Similarly hinting at the legitimacy of an as-applied challenge, Angle cited the First and Eighth Circuits for the proposition that "§ 2252(a)(4)(B) has a jurisdictional element which ensures, through a case-by-case inquiry, that the pornography in question affects interstate commerce." Id. at 336. Angle never explicitly adopts the "case-by-case inquiry" language as binding law. However, the notion of conducting a case-by-case inquiry derives from Lopez itself, and the Seventh Circuit has explicitly applied it in gun possession cases. See Lopez, 514 U.S. at 562; United States v. Bell, 70 F.3d 495, 498 (7th Cir. 1995); United States v. Kenney, 91 F.3d 884, 887 (7th Cir. 1996). Furthermore, both the government and Selseth appear to recognize the case-by-case inquiry as binding Seventh Circuit law, although they differ somewhat in their interpretations of what it requires. Therefore, this Court finds undertaking such a "case-by-case inquiry" useful, and the proper way to consider Angle in reference to this case. As such, the Court now turns to examining the parties' interpretations of what this case-by-case inquiry demands.

  In its opening brief, the government originally appeared to argue for what Selseth properly characterized as an "all or nothing" approach to the case-by-case inquiry, contending that:

. . . the case by case inquiry to which the Angle court referred was the nexus to interstate commerce that Section 2252(a)(4)(B) requires, namely, that the medium that contains child pornography has been shipped or transported in interstate or foreign commerce or was produced using materials which have been mailed or so shipped or transported by any means including by computer.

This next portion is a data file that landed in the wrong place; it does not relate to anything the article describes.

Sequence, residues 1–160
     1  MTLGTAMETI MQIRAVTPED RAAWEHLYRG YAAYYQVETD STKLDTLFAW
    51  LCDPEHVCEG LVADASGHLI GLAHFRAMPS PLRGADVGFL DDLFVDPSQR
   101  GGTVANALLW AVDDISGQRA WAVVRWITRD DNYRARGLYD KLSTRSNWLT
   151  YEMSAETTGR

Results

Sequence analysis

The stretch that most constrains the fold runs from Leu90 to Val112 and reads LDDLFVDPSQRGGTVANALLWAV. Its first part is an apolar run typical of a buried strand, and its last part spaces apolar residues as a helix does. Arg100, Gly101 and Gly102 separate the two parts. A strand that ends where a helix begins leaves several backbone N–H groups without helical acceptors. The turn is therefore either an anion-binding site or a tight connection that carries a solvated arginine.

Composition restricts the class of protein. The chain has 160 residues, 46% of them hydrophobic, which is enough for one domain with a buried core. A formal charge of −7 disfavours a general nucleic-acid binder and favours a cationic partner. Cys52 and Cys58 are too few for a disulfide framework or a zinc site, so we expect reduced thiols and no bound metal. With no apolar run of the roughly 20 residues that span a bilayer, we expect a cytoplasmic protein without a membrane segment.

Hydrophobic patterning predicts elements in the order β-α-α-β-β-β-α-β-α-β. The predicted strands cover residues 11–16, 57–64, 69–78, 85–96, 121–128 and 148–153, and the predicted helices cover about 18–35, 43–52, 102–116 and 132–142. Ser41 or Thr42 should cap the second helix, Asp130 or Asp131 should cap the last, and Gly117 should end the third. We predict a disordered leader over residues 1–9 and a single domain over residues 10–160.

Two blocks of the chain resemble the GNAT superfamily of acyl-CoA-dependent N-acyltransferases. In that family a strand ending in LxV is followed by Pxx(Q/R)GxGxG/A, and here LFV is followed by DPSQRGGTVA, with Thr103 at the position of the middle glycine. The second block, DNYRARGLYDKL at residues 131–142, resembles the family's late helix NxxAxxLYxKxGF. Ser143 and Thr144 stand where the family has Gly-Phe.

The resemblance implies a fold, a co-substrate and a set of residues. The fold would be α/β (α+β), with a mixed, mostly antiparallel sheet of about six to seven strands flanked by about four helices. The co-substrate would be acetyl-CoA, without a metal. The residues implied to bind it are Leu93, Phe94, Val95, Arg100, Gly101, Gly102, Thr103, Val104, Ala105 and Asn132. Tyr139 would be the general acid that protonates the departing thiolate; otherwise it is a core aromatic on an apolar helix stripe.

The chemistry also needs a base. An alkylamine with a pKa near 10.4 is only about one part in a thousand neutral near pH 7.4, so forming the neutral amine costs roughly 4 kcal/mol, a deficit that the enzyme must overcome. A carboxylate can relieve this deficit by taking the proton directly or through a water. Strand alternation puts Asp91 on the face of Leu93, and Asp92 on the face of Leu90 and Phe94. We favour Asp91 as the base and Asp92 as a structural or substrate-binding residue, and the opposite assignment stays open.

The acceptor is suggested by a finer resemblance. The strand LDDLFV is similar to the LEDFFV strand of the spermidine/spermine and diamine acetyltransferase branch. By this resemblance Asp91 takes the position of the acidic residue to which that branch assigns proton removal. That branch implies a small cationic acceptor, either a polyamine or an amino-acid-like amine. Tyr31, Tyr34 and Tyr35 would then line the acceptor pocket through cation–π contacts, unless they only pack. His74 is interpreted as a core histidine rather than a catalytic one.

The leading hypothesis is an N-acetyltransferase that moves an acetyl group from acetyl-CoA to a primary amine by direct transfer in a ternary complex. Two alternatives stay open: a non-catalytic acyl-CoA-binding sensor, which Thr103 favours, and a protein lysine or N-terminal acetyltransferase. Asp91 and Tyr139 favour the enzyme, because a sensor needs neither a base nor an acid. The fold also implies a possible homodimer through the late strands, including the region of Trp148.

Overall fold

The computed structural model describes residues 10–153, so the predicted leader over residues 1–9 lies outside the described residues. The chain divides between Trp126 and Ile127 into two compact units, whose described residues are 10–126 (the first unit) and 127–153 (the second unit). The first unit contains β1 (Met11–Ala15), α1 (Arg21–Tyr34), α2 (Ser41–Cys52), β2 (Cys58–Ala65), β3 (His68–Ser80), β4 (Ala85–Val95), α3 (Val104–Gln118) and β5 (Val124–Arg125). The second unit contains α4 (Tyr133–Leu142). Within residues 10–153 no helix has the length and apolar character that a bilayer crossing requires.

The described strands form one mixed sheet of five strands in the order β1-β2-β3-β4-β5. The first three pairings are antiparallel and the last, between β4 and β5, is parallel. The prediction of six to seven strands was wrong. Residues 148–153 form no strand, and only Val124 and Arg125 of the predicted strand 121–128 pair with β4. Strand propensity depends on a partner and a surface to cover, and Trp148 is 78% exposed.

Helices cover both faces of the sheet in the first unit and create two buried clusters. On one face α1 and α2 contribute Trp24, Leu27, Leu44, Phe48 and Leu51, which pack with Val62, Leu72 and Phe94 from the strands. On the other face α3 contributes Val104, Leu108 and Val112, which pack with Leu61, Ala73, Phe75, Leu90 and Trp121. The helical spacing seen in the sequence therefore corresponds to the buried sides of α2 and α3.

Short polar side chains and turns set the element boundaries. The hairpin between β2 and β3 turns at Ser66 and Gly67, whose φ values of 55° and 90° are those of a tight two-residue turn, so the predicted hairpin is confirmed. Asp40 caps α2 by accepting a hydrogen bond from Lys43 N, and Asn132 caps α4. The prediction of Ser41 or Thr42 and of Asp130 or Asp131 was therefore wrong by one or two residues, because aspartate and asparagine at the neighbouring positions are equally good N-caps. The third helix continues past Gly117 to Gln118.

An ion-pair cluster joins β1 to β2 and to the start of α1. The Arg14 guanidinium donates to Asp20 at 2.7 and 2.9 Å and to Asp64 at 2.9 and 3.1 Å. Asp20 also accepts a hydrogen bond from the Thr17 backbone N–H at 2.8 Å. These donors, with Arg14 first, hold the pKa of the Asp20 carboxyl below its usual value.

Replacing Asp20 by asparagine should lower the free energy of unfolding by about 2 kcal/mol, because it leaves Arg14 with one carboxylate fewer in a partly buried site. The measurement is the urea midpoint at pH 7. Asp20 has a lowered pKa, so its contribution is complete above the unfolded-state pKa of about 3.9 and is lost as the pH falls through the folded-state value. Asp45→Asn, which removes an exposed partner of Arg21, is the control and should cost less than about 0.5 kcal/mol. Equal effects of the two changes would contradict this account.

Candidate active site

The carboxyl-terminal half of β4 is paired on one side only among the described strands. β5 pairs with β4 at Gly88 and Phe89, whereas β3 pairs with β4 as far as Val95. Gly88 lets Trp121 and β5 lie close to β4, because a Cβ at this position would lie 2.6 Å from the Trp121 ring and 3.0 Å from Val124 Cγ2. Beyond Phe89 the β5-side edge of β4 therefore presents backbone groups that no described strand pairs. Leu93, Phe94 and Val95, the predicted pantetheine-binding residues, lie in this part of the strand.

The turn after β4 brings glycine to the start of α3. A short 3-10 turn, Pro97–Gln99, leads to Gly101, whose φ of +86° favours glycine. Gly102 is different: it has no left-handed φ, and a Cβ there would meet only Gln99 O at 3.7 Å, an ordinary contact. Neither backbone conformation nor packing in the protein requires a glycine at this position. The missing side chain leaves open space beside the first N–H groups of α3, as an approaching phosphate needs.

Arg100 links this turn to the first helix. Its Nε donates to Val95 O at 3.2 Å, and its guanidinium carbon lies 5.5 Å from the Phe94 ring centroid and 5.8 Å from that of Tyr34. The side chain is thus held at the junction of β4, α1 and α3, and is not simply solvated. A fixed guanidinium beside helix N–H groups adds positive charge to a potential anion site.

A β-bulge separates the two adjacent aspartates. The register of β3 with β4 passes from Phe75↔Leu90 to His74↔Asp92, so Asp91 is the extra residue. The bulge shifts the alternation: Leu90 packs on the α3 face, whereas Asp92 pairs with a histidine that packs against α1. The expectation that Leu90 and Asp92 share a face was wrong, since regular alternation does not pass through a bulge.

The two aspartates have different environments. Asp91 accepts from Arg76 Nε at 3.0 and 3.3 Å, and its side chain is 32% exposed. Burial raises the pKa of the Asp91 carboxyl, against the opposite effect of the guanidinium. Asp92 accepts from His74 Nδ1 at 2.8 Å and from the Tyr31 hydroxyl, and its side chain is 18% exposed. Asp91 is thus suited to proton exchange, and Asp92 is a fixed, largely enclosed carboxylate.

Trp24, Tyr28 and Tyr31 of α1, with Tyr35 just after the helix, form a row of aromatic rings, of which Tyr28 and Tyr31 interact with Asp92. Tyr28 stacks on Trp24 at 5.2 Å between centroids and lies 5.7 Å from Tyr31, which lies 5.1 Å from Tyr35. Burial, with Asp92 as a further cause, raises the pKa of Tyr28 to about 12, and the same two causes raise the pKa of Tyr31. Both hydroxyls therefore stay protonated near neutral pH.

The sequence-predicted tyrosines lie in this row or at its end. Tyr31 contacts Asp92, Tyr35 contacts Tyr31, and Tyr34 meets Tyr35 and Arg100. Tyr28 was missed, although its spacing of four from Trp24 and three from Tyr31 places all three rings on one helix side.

Gov. Br. p. 10-11.

  Under this formulation, the case-by-case inquiry seemingly consists merely of a recitation of the standard requirement that an indictment state all elements of the offense.

  In its response brief, the government clarified its position, acknowledging that "Angle also suggests that the mere presence of a jurisdictional element will not automatically guarantee that a statute will survive a Commerce Clause challenge." Gov. Rep. Br., p. 6, n. 5. Accordingly, the government now contends that "the case-by-case inquiry refers to a determination that the conduct that subjects the defendant to prosecution have some impact on interstate commerce — not a substantial effect on interstate commerce." Id. p. 5. (internal citation omitted, emphasis in original). In so doing, the government concedes that "the government must establish a case-by-case effect on interstate commerce even in prosecutions of interstate possession." Id. p. 6.